Mary Taylor, whose two sons have been addicted, is against opioid misuse and she’s running for Ohio governor. J.D. Vance is in Ohio fighting opioid overdoses. Sherrod Brown and Rob Portman-also against opioid addiction. Ohio has the most deaths associated with opioids. Apparently, politicians are benefitting more from opioid publicity than Ohioans are benefitting from political solutions.

  6. America is in a world of trouble. Addicts, Texting, anything and everything except paying attention while driving a lethal vehicle. These people CANNOT be rehabbed. Why bother. Can we just give them one more injection and take them out of their misery and off our streets?

    1. When self-driving cars get here, we can all sit in the back seat and shoot up, drink up, and text up all the way home.

  7. Annie Machon retweeted

    Anonymous 4thEstate

    Jun 1
    1988 Frontline Investigation traces CIA’s involvement with drug lords back to the agency’s birth following WW2

    (“Annie Machon is a former intelligence officer for MI5, the UK Security Service.”)

  8. LEAP’s (Law Enforcement Action Partnership) drug policy:

    Our Principles

    The Law Enforcement Action Partnership believes that adult drug abuse is a public health problem and not a law enforcement matter.

    The Law Enforcement Action Partnership does not promote the use of drugs and is deeply concerned about the extent of drug abuse and drug-related violence worldwide. However, both drug abuse and violence flourish under drug prohibition, just as they did during alcohol prohibition.

    The Law Enforcement Action Partnership recognizes that drugs can be dangerous and addictive. Reasonable regulation should protect public health and include age restrictions on drug sales and use.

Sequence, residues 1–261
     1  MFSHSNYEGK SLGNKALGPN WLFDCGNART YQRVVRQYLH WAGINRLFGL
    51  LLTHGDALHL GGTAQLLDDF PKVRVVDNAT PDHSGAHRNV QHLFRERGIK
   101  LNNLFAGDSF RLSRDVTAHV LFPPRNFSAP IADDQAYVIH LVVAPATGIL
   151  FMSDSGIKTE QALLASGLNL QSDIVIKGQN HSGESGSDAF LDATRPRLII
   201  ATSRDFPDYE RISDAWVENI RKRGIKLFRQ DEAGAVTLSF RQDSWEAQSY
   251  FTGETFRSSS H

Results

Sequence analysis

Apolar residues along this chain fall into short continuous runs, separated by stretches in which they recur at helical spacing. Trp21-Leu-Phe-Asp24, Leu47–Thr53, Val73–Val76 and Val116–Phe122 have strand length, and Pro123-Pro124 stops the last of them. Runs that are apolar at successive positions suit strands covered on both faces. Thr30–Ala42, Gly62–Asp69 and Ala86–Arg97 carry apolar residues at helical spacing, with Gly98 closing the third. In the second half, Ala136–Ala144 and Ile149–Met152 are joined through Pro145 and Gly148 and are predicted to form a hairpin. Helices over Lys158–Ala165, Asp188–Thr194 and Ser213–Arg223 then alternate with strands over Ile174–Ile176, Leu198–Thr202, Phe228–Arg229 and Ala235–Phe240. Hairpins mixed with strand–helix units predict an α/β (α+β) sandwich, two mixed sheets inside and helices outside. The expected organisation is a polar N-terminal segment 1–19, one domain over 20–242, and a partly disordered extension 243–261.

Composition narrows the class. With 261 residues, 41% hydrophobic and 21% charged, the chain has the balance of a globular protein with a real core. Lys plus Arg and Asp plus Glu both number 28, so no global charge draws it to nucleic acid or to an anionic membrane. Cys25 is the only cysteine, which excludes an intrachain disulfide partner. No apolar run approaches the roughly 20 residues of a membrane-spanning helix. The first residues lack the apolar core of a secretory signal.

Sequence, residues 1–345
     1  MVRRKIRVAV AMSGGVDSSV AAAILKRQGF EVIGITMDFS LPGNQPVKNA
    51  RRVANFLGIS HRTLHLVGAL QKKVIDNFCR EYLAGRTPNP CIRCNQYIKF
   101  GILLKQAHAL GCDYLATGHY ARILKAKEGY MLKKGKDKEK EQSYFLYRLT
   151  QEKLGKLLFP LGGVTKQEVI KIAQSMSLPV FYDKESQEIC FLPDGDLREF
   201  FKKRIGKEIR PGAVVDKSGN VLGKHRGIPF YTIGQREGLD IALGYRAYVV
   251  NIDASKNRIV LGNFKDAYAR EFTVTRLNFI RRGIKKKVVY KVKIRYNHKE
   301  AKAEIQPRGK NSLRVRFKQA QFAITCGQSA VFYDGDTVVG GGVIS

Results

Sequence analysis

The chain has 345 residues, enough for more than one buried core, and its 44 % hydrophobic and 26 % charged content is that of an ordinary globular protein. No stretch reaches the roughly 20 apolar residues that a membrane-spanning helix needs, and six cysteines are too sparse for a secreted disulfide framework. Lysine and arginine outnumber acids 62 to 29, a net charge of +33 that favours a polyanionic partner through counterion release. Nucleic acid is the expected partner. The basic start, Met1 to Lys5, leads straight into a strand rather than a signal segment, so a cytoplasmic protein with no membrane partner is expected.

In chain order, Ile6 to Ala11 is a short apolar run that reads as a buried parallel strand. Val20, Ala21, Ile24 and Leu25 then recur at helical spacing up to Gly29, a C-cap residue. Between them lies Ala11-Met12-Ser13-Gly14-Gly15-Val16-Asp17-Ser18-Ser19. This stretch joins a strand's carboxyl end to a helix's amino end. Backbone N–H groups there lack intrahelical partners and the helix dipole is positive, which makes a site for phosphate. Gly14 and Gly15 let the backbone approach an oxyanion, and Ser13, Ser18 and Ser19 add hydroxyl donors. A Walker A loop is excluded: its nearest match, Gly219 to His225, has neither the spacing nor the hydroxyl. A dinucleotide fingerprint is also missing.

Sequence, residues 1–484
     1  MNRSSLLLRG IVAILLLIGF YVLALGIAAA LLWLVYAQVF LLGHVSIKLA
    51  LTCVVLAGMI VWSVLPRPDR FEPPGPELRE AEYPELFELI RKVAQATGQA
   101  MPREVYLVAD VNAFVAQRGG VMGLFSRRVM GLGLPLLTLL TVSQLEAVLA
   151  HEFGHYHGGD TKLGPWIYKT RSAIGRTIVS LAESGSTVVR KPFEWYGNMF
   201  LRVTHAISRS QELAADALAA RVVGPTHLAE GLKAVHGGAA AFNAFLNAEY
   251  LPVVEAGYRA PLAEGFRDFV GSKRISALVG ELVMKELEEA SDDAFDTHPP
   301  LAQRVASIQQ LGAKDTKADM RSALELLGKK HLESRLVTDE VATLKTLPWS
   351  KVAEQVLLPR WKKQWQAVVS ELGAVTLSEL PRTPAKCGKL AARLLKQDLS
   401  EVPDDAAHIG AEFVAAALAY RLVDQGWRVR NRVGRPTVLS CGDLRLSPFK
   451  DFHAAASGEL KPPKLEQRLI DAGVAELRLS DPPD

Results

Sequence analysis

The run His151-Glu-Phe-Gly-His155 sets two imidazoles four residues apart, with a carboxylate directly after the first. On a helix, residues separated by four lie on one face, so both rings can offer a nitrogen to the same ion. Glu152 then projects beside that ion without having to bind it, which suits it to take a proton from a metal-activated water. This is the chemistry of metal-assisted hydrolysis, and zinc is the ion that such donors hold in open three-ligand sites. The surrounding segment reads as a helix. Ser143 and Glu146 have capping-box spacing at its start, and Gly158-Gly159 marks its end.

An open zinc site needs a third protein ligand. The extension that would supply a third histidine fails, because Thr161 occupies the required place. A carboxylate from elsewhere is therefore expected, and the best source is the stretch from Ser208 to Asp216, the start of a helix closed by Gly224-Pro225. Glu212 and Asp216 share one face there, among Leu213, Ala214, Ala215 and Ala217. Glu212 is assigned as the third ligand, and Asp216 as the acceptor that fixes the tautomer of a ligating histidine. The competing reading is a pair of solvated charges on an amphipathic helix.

The Law Enforcement Action Partnership recognizes that currently illicit drugs pose different risks, requiring different models of regulation. We believe that U.S. states and other nations must be given the regulatory latitude to try new models that balance personal freedom and responsibility with the public health risks of death, disease, and addiction.

    The Law Enforcement Action Partnership recognizes that it will take time to strike a proper balance, blending private, public, and medical models to best control and regulate currently illicit drugs. Our speakers advocate for a range of strategies in line with their own diverse experiences and political philosophies.

    The Law Enforcement Action Partnership believes that government has a public health obligation to ascertain and clearly communicate to the public the risks associated with the use of each currently illicit drug.

    The Law Enforcement Action Partnership argues that as the government ends prohibition, it should release drug offenders, expunge their records, and restore their civil rights. However, we believe that people using alcohol or other drugs must be held accountable for the harms caused to others while under the influence.

    The Law Enforcement Action Partnership believes that individuals suffering from drug addiction who seek help should receive support, including drug treatment. We argue that the cost of expanding such services could be financed with a fraction of the criminal justice savings from ending drug prohibition.

  9. Too bad the syringe was removed prior to the crash! Take your own Life if u so choose but leave the rest of Humanity alone!